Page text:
The nave and apse can have a bit more flash. Now, some early churches had absolutely breathtaking mosaics (as indeed did many secular Roman buildings). Here, in a small, poor church built at the edge of the Empire close to (or immediately after) the end of the Roman era, I don't think anything that spectacular would be justified. But a little bit would be nice, so I compromised with a flagged floor and a nice bit of mosaic at the altar end, extending into the apse.

I thought about thin card, cut into squares to form the flagstoned areas of the floor, but when I realised it would involve cutting and gluing close to 100 tiles, I lost heart. Inspiration in the form of a sheet of very thin extruded polystyrene saved the day. This was measured, cut and fettled to fit:

So far, so good...
Then marked with a pen:

8mm - roughly 18" square in scale

The tiles were embossed with a pencil, and the whole thing got a coat of  PVA to seal it and stop it absorbing paint like a sponge. 

Just like real flagstones, with the joints.

I painted the whole thing black, carefully picked out random stones in shades of brown, and drybrushed with raw umber. 

Multi coloured slabs - just like the real thing

The tiled section is then glued in place.

Very fancy indeed!

As for the mosaic, I cheated and copied a section of existing mosaic and printed it out to size. After a bit of to-ing and fro-ing it ended up going all the way into the apse (oo-er!), so I had to knock up another flagged section.
What a gorgeous apse, with that mosaic!

The church gets an altar at one end and a font at the other. 

The altar is made from spruce stock. It's a simple wooden table, with a crucifix (made from brass strip and green stuff), a chalice (made from green stuff and a pin as an armature) and an icon (printed and glued to plastic card, frame from spruce). The keen eyed among you will note it's the same icon as is on my Dux Brit warlord Arthur's shield.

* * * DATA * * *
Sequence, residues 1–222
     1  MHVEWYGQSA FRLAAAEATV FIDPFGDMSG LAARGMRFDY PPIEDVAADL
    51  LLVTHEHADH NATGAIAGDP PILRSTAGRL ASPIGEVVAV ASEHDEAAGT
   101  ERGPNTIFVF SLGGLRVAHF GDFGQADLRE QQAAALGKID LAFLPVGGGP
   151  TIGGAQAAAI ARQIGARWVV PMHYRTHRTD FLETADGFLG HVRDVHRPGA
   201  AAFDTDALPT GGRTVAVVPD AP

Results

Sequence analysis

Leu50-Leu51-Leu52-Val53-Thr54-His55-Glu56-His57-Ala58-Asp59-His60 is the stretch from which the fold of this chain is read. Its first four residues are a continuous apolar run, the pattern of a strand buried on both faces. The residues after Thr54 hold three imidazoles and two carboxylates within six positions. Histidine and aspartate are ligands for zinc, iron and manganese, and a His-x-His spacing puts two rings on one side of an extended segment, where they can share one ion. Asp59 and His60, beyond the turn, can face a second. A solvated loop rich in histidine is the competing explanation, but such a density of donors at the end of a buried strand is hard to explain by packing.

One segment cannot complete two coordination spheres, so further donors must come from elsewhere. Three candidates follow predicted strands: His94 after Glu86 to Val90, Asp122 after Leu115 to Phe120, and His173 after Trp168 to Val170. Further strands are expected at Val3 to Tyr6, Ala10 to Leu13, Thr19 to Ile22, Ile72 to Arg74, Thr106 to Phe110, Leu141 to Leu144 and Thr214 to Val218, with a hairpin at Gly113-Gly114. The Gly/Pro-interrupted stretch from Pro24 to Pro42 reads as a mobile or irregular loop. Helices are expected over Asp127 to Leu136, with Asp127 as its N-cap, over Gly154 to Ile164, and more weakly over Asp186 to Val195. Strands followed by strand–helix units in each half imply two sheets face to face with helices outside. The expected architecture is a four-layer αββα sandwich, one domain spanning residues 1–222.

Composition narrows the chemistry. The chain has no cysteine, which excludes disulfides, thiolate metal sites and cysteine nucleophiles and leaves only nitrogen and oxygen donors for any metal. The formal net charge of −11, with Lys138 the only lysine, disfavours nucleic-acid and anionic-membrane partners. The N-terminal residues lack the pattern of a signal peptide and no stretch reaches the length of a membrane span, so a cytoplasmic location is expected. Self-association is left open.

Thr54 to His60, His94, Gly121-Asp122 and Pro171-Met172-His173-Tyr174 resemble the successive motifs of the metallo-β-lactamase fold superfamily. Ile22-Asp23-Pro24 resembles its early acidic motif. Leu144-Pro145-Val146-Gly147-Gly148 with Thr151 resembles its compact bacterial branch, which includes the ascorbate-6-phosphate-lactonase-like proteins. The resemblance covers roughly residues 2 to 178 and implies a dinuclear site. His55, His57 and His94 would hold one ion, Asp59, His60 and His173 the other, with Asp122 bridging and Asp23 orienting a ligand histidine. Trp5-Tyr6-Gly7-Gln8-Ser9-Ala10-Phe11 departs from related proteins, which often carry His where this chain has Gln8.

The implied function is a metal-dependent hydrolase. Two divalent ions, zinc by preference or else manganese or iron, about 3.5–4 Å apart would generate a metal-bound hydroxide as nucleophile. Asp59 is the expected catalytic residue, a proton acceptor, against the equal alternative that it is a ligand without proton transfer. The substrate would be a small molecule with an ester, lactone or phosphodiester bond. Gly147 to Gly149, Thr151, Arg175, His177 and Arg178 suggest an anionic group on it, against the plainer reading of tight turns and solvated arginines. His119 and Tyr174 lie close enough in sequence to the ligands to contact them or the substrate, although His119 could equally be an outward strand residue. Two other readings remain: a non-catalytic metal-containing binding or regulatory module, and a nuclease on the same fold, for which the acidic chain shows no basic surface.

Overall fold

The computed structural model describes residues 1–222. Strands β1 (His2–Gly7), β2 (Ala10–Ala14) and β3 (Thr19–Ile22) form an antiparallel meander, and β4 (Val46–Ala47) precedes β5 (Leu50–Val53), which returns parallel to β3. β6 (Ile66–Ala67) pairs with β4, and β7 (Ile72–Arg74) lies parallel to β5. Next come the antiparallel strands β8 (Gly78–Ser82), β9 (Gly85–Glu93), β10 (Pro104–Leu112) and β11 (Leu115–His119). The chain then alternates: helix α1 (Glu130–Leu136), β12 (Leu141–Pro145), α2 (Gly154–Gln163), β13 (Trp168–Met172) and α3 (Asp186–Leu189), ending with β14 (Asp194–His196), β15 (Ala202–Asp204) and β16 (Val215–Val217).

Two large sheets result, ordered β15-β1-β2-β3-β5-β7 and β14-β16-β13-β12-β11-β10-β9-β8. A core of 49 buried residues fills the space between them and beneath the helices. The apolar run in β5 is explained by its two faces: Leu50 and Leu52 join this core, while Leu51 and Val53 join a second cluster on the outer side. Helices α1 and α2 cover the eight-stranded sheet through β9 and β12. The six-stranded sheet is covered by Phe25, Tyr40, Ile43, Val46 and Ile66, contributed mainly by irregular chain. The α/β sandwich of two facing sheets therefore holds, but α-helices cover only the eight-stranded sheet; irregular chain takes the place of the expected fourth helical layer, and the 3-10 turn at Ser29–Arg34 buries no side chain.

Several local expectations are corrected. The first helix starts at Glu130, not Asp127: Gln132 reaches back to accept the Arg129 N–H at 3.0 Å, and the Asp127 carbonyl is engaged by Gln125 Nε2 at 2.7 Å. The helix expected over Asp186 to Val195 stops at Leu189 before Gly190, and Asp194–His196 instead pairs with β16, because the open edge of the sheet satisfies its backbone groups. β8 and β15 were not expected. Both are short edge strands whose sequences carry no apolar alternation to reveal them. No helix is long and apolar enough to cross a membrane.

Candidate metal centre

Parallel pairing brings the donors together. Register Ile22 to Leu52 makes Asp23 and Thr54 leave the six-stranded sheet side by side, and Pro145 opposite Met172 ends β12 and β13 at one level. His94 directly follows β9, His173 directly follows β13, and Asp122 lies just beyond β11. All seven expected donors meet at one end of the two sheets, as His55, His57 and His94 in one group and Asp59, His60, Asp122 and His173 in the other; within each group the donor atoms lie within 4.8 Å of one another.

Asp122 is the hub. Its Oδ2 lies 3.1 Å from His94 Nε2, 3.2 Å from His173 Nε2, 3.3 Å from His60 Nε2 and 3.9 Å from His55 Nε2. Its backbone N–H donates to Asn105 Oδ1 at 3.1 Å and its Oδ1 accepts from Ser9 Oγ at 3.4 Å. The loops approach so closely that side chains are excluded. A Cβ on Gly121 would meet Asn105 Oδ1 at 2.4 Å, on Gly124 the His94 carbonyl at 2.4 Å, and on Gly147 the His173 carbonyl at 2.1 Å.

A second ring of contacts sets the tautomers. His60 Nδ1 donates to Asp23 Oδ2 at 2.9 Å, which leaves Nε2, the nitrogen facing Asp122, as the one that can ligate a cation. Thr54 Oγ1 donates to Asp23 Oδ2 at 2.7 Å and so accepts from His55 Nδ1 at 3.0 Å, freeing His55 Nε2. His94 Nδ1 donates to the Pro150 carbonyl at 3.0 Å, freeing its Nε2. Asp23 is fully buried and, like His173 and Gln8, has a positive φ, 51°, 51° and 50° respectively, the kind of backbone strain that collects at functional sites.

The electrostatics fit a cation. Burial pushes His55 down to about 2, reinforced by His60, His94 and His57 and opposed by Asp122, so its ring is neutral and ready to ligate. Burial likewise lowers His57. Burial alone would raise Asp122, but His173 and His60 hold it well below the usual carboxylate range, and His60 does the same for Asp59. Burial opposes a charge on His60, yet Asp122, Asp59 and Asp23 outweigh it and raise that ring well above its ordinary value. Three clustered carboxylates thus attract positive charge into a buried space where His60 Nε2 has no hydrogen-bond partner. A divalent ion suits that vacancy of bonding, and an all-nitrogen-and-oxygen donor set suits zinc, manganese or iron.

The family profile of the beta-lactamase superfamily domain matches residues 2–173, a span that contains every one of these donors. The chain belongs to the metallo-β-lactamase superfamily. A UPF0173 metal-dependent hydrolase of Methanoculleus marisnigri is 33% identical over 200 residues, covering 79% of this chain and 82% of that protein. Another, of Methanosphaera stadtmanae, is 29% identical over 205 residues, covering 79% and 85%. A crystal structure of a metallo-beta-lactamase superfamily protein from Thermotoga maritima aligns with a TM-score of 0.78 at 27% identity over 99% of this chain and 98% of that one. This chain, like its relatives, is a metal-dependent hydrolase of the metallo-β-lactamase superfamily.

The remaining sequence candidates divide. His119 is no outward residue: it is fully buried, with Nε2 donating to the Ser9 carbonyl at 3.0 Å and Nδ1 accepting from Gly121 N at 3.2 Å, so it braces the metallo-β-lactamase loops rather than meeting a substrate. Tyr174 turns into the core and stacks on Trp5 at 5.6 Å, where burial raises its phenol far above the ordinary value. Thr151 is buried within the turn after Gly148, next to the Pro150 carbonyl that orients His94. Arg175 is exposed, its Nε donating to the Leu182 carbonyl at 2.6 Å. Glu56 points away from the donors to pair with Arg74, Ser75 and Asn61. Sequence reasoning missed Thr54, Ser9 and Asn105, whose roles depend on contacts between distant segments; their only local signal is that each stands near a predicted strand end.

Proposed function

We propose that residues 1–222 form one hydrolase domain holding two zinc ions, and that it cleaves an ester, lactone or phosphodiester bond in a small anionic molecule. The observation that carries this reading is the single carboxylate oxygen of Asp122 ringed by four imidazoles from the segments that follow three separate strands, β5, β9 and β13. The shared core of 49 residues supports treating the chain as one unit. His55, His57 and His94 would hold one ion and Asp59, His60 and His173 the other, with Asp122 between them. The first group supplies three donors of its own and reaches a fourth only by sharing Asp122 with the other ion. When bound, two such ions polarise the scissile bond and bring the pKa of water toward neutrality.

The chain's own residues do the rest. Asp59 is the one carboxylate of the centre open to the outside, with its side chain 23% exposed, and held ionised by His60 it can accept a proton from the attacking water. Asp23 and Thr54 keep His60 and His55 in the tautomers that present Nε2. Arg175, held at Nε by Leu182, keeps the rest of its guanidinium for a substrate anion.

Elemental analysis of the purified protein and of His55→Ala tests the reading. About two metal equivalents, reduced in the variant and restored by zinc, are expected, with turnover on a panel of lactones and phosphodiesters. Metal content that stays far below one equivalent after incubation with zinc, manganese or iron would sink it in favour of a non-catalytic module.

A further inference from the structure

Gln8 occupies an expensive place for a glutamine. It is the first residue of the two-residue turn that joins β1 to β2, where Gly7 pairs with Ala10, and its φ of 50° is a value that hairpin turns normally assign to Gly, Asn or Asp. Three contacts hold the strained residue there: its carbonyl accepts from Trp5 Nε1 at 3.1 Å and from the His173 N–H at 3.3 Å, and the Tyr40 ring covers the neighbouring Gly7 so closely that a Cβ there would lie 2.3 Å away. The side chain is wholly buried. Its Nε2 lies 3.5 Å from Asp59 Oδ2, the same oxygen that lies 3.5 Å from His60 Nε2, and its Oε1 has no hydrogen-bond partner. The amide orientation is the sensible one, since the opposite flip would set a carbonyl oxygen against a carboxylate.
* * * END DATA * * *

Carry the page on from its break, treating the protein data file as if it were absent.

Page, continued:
There's a bloke in the village knocks those icons out for three buckets of ale a go!

The table got a wash of burnt umber, mainly to cover the excess superglue, and the items were painted with brassy gold paint and washed with a mix of burnt sienna and sepia inks - whether these are gold, bronze or brass is left to the imagination

Finished and ready to be added.

The font is a piece of elm stock, with details carved in.
Here's the carving:
Rough (very rough) carving

And here it is after a coat of paint, a black wash and a drybrush:

Ready for a baptism - all we need is a baby!

Note there are no pews. Pews are a later feature - by many centuries!

Well, here's the end result. From the outside first, looking across the battlefield. Bedwyr is outside, for scale purposes.
Very atmospheric!

A bit closer this time. I think it works well enough.

Can't see my apse from this angle!

 Having added the interior and details, I'd better show how they look. I'm content with the results.

 Some people will fight anywhere!

Here's another view, showing the main event as Bedwyr and one of Arthur's companions see off the Saxon raiders.
Thieving mawks off our plate!

Well, that's the end of a very long project - I think it was worth it, and I hope you've enjoyed it as much as I have!

Merry meet again!

Friday 9 August 2013

Lack of Progress...

It's lovely planning holidays and having relatives visit, but it isn't making anything here progress!

Actually, it would be grossly unfair to blame either of those things for my inertia.

I'm part-way through the regular infantry for the British faction for Dux Brit, and well on with the final main element, the missile troops (in this case, slingers). Maybe if I hadn't decide to blow time building the first reinforcement units and concentrated on the core army I'd have got further!

Also not helping is a nearly unavoidable desire to make more non-historic figures to go with Nimue. I wonder if I could busk having Merlin as an alternative to one of my units of spearmen? Perhaps not...

The Sub-Roman church is nearly finished, but in typical Pareto analysis fashion, the last 10% looks like taking 90% of the time. And as for the Pictish curragh, well, best to not go there.

Merry Meet Again!